Tag Archives: George Sluppick

Sons of Mudboy a family affair

Sons of Mudboy
1884 Lounge
Memphis, Tennessee
May 29, 2013

Luther Dickinson stood at the front of the stage, drenched in sweat, microphone in one hand and the other cocked back to accentuate the lyrics he was delivering like the deftest of MCs. It was towards the end of yet another marathon Wednesday night set by the Sons of Mudboy, and Dickinson had the crowd in the palm of his hand. That’s what the residency has turned into; two months into their weekly gig at 1884 Lounge in Minglewood Hall, the band is ever-changing, but one thing remains the same: the friends, family, and neighbors that faithfully arrive each week know that anything and everything can happen.

_MG_8190-BDickinson is the de facto leader of the band whose line-up is always in flux. Depending on who’s available, on any given night the entire roster can and will change. As May came to a close, the group that kicked off the evening included the actual sons of Mudboy & the Neutrons: Luther and Cody Dickinson (North Mississippi Allstars, Black Crowes, etc.), son of Jim Dickinson; Ben Baker, son of Lee Baker, and Steve Selvidge (the Hold Steady, Big Ass Truck), son of Sid Selvidge. The band was joined by original Neutron Jimmy Crosthwait, drummer Robert Barnett (Big Ass Truck), Paul Taylor (the Merry Mobile and others), and George Sluppick (Chris Robinson Brotherhood, Mofro). Seemingly everyone on stage had a connection to one another, be it blood or musically.

It’s been a ride watching the band develop over the past two months. While they have played together for decades, to watch a band literally sprout on stage over the course of time has been a treat. The band can seemingly play anything and everything, and the first set started with the bluesy intro jam, which was followed with by the folksy, shuffling “John Henry > Judge Bouche.”

One of the intriguing features of the band is their versatility – the ability of nearly everyone on stage to swap instruments at any time. So, while Luther is by trade a guitar player – it has always been his instrument of choice be it with the Allstars or while he was with the Black Crowes – he started the show on bass but over the course of the show also played guitar and keyboards. Likewise, Taylor moved from guitar to drums to bass with little to no loss in play quality.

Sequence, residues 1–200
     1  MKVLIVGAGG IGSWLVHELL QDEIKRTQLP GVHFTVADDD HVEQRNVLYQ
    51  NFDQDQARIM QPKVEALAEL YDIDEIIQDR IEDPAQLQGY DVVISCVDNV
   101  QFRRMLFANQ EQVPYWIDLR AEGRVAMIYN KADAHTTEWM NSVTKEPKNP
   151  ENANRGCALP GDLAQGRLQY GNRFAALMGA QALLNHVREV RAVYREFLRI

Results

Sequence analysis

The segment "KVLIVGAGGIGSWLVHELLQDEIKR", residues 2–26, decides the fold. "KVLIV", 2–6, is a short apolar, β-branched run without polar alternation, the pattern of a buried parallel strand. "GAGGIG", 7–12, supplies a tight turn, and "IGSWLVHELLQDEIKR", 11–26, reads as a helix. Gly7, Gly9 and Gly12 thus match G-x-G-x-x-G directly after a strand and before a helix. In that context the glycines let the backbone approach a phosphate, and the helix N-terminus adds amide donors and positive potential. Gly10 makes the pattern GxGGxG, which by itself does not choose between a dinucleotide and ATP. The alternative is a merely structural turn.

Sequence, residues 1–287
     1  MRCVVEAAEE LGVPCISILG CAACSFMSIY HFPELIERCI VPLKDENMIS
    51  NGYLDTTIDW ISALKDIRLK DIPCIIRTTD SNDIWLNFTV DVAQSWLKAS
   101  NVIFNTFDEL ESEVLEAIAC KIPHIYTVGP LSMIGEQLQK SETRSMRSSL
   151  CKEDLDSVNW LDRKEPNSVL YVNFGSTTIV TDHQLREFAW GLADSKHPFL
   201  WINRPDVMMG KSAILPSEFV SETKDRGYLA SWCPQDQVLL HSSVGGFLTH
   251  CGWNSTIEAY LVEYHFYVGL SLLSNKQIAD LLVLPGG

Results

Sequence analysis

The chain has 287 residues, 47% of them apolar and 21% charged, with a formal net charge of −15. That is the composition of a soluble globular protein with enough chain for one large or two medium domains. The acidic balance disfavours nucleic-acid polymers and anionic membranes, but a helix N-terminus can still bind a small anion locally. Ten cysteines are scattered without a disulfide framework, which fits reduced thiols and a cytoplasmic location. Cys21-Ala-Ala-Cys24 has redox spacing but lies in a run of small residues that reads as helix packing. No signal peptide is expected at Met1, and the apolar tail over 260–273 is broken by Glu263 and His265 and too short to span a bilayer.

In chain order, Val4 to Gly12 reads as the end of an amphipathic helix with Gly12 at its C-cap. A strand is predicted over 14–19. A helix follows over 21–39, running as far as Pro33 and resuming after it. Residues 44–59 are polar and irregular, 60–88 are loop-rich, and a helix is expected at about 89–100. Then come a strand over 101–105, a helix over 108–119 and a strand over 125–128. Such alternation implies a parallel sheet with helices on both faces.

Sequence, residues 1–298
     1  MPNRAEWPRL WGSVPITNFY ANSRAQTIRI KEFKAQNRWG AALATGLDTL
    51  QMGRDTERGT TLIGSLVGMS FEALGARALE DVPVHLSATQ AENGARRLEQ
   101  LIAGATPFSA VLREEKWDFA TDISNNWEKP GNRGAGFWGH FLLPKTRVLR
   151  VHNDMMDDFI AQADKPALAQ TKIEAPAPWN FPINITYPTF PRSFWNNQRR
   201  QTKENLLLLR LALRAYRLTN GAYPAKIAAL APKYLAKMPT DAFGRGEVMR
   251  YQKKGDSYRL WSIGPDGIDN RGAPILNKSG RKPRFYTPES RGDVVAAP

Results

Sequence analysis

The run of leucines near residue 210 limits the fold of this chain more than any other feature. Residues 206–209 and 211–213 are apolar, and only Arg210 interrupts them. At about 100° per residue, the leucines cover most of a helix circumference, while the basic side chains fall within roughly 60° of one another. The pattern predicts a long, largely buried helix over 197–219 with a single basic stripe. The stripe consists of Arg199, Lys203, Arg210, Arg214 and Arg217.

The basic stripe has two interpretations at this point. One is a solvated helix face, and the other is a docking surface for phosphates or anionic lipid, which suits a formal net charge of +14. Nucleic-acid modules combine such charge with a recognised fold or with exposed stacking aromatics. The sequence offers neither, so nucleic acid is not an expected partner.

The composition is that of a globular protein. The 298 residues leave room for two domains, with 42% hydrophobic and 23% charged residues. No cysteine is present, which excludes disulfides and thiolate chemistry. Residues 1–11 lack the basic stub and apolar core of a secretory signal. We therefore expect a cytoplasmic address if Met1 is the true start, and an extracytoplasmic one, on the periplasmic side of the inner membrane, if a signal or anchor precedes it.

The addition of Sluppick for the night brought an added element to the line-up. One, he’s a damn fine drummer, Chris Robinson wouldn’t have tapped him for his band otherwise. Two it allowed allowed for Taylor to spend a little more time on bass and guitar.

This musical dexterity was on display during the finest moment of the first set, “Codine.” During this Buffy Sainte-Marie tune that Jim Dickinson had in his rotation, Luther laid down a steady bass line while Taylor unleashed a furious guitar solo. Jim Dickinson’s version of the tune had an edge to it, but the Sons’ version is spacey in an Allman-esque way. And, with two drummers on stage and dual guitars, it took on that tone exponentially.

_MG_8440-BThe second set opened with more players on stage. With the addition of local saxophone players Jim Spake and Art Edmaiston (Mofro) and bass player John Stubblefield (Lucero), there were 11 people crammed onto the tiny 1884 Lounge stage. The collective started with the soul of Wilson Picket’s “Land of 1000 Dances,”  segued into Jr. Walker’s “Shotgun,” and it eventually evolved into a gritty take on the Beatles’ “Tomorrow Never Knows.”

The transition into the song seemed a tad disjointed as they went from one tempo into something completely different, but that’s kinda expected given there were nearly a dozen people on stage, some of whom had probably never played together. Accentuated by the haunting saxophones and reverb-drenched guitar from Selvidge, Luther delivered the lyrics with a growl. As the jam progressed the band settled into a nice pocket, and Luther broke out the slide to deliver one of his trademark solos. The band’s eventual transition back into “Shotgun” was a much smoother affair.

The band genre-jumped again to close the show, going from the Beastie Boys’ “Mark on the Bus” into a jam that touched on Sly & the Family Stone’s  “I Want to Take You Higher,” with Taylor laying down some downright funky bass lines.

As the show came to a close, it was evident that there’s true musical chemistry between the core members of the group. There are some connections that take years and years to nuture and some that are instantaneous, and each Wednesday, the Sons of Mudboy seem to display both.

Click on the thumbnail(s) to view photos from the show by Josh Mintz

Chris Robinson Brotherhood, 11/2/12

Chris Robinson Brotherhood
Neighborhood Theater
Charlotte, NC
November 2, 2012

Sure, the Black Crowes may be on hiatus, but the band that Chris Robinson has put together since has been nothing short of stellar. Chris Robinson Brotherhood has been touring relentlessly and the band – comprised of fellow Crowe Adam MacDougall on keyboards, George Sluppick (Mofro, City Champs) on drums, “Muddy” Dutton on bass, and Neal Casal (Ryan Adams and the Cardinals) on guitar – is phenomenal.

They stopped in Charlotte and the Neighborhood Theater, and Brad Kuntz was there to capture the magic.

First Set: Let’s Go Let’s Go Let’s Go, Tomorrow Blues, Mother of Stone, Star or Stone, Bertha, Vibration & Light Suite, Little Lizzie Mae, Blue Suede Shoes

Second Set: Meanwhile in the Gods…, 40 Days, Train Robbers, Hello L.A. Bye Bye Birmingham, Badlands Here We Come, Tough Mama, Sunday Sound, Rosalee

Encore: Reflections on a Broken Mirror, Mr. Charlie